||Using Geographic Overlays to
Estimate Other Socioeconomic Factors
Additional social and economic relationships can be visualized by overlaying different data sets of the same area. In activity (1) you compared the locations of towns and cities in Korea with the observed light output. In activity (2) you were given a land use map of Korea. Here we supply you with three more maps:
The scale and coastlines used in these maps are the same as those used in the City Locator and the Land Use maps, so all five maps can be easily overlaid. You might try the following:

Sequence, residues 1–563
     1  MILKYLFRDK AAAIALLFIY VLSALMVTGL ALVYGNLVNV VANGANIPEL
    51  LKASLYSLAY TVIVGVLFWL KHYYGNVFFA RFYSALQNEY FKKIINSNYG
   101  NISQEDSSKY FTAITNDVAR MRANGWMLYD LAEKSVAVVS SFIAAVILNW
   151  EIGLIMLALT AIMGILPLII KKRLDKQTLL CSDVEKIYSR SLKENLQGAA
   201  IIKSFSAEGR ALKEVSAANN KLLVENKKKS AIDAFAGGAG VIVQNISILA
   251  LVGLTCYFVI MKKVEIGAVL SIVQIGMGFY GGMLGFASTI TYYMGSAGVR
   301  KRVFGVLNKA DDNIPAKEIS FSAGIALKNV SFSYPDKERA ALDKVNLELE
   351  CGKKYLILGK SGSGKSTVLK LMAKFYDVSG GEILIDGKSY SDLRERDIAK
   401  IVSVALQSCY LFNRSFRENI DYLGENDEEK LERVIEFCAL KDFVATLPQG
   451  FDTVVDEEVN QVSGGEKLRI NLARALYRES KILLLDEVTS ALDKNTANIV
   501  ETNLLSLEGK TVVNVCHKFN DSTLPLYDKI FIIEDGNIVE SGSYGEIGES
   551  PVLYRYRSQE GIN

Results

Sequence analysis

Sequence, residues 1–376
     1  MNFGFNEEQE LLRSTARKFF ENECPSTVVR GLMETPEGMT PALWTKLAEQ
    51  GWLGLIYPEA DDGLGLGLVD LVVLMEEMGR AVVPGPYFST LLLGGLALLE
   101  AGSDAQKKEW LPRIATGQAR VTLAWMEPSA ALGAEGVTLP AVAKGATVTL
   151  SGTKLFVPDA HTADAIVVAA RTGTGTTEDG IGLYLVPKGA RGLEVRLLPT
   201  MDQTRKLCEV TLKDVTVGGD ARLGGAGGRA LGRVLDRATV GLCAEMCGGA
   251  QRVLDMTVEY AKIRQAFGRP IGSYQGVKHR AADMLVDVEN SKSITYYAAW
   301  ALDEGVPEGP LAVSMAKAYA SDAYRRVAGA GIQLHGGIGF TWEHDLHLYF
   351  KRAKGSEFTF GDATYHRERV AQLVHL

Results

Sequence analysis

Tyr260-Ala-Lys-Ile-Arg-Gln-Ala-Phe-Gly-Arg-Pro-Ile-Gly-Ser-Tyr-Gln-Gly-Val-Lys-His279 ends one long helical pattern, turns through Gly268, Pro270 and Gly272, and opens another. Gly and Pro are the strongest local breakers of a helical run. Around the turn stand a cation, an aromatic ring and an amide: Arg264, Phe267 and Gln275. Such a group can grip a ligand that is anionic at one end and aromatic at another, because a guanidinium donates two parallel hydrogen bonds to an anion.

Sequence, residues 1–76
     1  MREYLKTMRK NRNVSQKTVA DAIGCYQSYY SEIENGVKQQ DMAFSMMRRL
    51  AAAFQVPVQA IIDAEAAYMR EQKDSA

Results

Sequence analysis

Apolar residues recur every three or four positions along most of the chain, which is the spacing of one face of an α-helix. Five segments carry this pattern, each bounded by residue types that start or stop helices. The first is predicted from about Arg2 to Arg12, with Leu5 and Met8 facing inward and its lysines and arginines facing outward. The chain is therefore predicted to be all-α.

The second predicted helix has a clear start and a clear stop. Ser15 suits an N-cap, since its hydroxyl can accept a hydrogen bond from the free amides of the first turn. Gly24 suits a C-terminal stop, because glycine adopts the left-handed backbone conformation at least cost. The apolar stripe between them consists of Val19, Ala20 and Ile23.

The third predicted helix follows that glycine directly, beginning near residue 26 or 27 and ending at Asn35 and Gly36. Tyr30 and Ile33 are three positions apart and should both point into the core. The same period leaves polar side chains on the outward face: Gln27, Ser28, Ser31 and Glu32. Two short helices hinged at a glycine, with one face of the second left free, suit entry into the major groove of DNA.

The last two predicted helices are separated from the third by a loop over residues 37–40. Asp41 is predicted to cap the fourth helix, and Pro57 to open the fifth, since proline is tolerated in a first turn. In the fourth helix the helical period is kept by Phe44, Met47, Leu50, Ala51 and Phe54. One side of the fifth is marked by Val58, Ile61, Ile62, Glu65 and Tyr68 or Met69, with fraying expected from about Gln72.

If you feel adventurous, try downloading a few of the large Shuttle or satellite images in the Korea from Space section, and overlay these onto the Korean City Locator Map or Korea Outline Map. The scales and orientations of the images are different than those of the maps, so any of these overlays will require using the Scale/Rotate commands in addition to the cutting and pasting required for the simple overlays. (If you do not know how to do an overlay or use the Rotate and Scale commands in NIH Image, you might try looking at the Overlay Activity in the Remote Sensing Activities.) You will also need to convert the format of these images to TIFF or PICT so they may be used in NIH Image.
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